Species

Dichelachne micrantha

Etymology

Dichelachne: two-pronged and woolly
micrantha: tiny flower

Common Name(s)

purple plume grass

Current Conservation Status

2012 - Threatened - Nationally Vulnerable

Conservation status of New Zealand indigenous vascular plants, 2012
The conservation status of all known New Zealand vascular plant taxa at the rank of species and below were reassessed in 2012 using the New Zealand Threat Classification System (NZTCS). This report includes a statistical summary and brief notes on changes since 2009 and replaces all previous NZTCS lists for vascular plants. Authors: Peter J. de Lange, Jeremy R. Rolfe, Paul D. Champion, Shannel P. Courtney, Peter B. Heenan, John W. Barkla, Ewen K. Cameron, David A. Norton and Rodney A. Hitchmough. File size: 792KB

Previous Conservation Status

2009 - Threatened - Nationally Vulnerable
2004 - Not Threatened

Qualifiers

2012 - DP, SO, Sp
2009 - DP, SO, Sp

Authority

Dichelachne micrantha (Cav.) Domin

Family

Poaceae

Flora Category

Vascular - Native

NVS Species Code

DICMIC

The National Vegetation Survey (NVS) Databank is a physical archive and electronic databank containing records of over 94,000 vegetation survey plots - including data from over 19,000 permanent plots. NVS maintains a standard set of species code abbreviations that correspond to standard scientific plant names from the Ngä Tipu o Aotearoa - New Zealand Plants database.

Structural Class

Grasses

Synonyms

Stipa micrantha Cav., Agrostis sciurea R.Br., Dichelachne sciurea (R.Br.) Hook.f., D. crinita var. intermedia Hack.

Distribution

Indigenous. Local from Three Kings Islands, and Te Paki south to about Auckland. Also around East Cape and the eastern Wairarapa (northern Aorangi Range). never very common. Outside New Zealand common on Norfolk Island, also known from Australia, New Guinea and Easter Island.

Habitat

Coastal to lowland. Usually in open shrubland, on clay pans or within open grassland. Often on cliff faces, amongst talus, on lava fields on at the back of boulder beaches. Fast becoming scarce.

Features

Stout, rigid, tufted grass with leaves rigid, shorter than the stiffly erect culms. Branching extravaginal. Leaf-sheath straw-coloured often lined with purple or dull brown, with minute, appressed, scattered hairs. Ligule 0.3-1.0 mm long, membranous, truncate, minutely ciliate, undersides scabrid, often asymmetric. Leaf-blade to 200 x 1.5-2.5 mm, stiff, flat, tapered towards apex, undersides sparingly and minutely scabrid, upper surface scabrid on ribs towards apex, minutely scabrid on margins. Culm 0.4-1.0 m, internodes minutely scaberulous throughout, or glabrous but minutely scaberulous below panicle, variously purplish. Panicle 100-250 mm, erect, spicate, often purplish (or tinged with red), branches spreading at first; rachis, branchlets and pedicels closely short-scabrid. Spikelets numerous, close-set on branchlets, delicate. Glumes narrow-lanceolate, acute to acuminate, often suffused with purple or red; lower 3-4 mm long, more or less equivalent in length to lemma, upper 3.5-5.0 mm, greater than lemma. Lemma 2.5-4.0 mm long, sometimes purplish; awn 12-18 mm, very fine, column straight, awn curving above and twisted 2-3 times along whole length, inserted 0.6-0.9 mm below minutely bifid lemma-tip. Palea 2-3 mm long, narrow-linear, keels scabrid above, apex ciliate. Callus hairs 0.3-0.5 mm long. Rachilla prolongation c.0.05 mm long. Lodicules 0.4-0.8 mm long, hyaline, elliptic-oblong, unequally bilobed, sometimes minutely ciliate. Anthers 1, 1.2-1.4 mm long in open flowers, 0.6-0.8 mm long in cleistogamous flowers. Seed 2.0-2.3 x 0.3-0.4 mm.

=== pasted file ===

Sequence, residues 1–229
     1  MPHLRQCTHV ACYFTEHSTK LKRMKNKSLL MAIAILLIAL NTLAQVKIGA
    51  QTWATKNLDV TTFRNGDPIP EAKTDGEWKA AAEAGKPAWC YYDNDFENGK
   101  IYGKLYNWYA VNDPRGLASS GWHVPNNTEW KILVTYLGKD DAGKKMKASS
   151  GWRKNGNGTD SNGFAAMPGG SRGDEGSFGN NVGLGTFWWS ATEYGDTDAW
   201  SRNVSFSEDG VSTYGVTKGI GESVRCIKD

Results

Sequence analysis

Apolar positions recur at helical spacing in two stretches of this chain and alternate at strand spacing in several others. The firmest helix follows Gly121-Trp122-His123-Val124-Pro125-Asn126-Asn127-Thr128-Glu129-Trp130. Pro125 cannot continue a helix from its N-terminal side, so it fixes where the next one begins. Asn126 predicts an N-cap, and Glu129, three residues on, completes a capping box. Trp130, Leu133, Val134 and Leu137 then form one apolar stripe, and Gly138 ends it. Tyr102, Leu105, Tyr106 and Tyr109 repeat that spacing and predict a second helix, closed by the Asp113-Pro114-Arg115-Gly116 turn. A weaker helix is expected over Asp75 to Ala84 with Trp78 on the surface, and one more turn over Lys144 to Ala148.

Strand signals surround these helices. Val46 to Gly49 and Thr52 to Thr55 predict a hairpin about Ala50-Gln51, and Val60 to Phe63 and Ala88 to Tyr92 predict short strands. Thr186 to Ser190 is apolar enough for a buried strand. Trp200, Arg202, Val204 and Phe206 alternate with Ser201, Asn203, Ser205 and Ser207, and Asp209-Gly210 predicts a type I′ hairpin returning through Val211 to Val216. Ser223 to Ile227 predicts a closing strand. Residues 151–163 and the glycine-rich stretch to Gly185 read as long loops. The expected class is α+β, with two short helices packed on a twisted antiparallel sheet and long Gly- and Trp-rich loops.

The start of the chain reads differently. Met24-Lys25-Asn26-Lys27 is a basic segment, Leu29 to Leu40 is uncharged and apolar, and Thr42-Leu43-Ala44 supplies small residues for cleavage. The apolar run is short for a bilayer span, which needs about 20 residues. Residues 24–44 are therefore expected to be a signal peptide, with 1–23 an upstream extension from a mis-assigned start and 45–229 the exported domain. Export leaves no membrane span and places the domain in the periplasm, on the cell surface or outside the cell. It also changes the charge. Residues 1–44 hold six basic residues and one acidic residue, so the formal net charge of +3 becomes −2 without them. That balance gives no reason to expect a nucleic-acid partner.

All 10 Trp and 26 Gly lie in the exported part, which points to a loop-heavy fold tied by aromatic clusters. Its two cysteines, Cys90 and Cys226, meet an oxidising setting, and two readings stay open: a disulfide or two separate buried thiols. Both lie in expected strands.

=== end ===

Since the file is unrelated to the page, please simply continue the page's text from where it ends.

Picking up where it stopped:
Similar Taxa

Most frequently confused with Dichelachne rara (R.Br.) Vickery an eastern Australia species which is now widely naturalised in the North Island and northern South Island. Dichelachne rara differs from D. micrantha by its usually smaller, narrower panicles, and by the lower glume which is usually greater than rather than shorter than 4 mm long, and obviously much larger than rather than more or less equal in length to the lemma.

Flowering

September - January

Fruiting

October - May

Propagation Technique

Easy from fresh seed. Rather short-lived, self sowing readily, and in gardens can be invasive. Does best in dry, open, clay soils.

Threats

Dichelachne micrantha was formerly widespread but over the last 20 years or so its range has contracted considerably. Partly this is due to the progressive loss of the open, coastal shrublands and clay pans it favours, as these give way to taller mature vegetation but mostly it seems to be due to the ever increasing numbers of naturalised plants which are now occupying its favoured habitats. It has been observed that in many of the places it was formerly common, these places are now dominated by D. rara, which appears to be expanding its range, and is certainly increasing in abundance.

Chromosome No.

2n = 70

Endemic Taxon

No

Endemic Genus

No

Endemic Family

No

Life Cycle and Dispersal

Florets are wind dispersed (Thorsen et al., 2009).

Where To Buy

Not commercially available.

Attribution

Description modified from Edgar and Connor (2000)

References and further reading

Edgar, E.; Connor, H.E. 2000: Flora of New Zealand. Vol. V. Grasses. Christchurch, Manaaki Whenua Press. 650 pp.

Thorsen, M. J.; Dickinson, K. J. M.; Seddon, P. J. 2009. Seed dispersal systems in the New Zealand flora. Perspectives in Plant Ecology, Evolution and Systematics 11: 285-309

This page last updated on 11 Aug 2014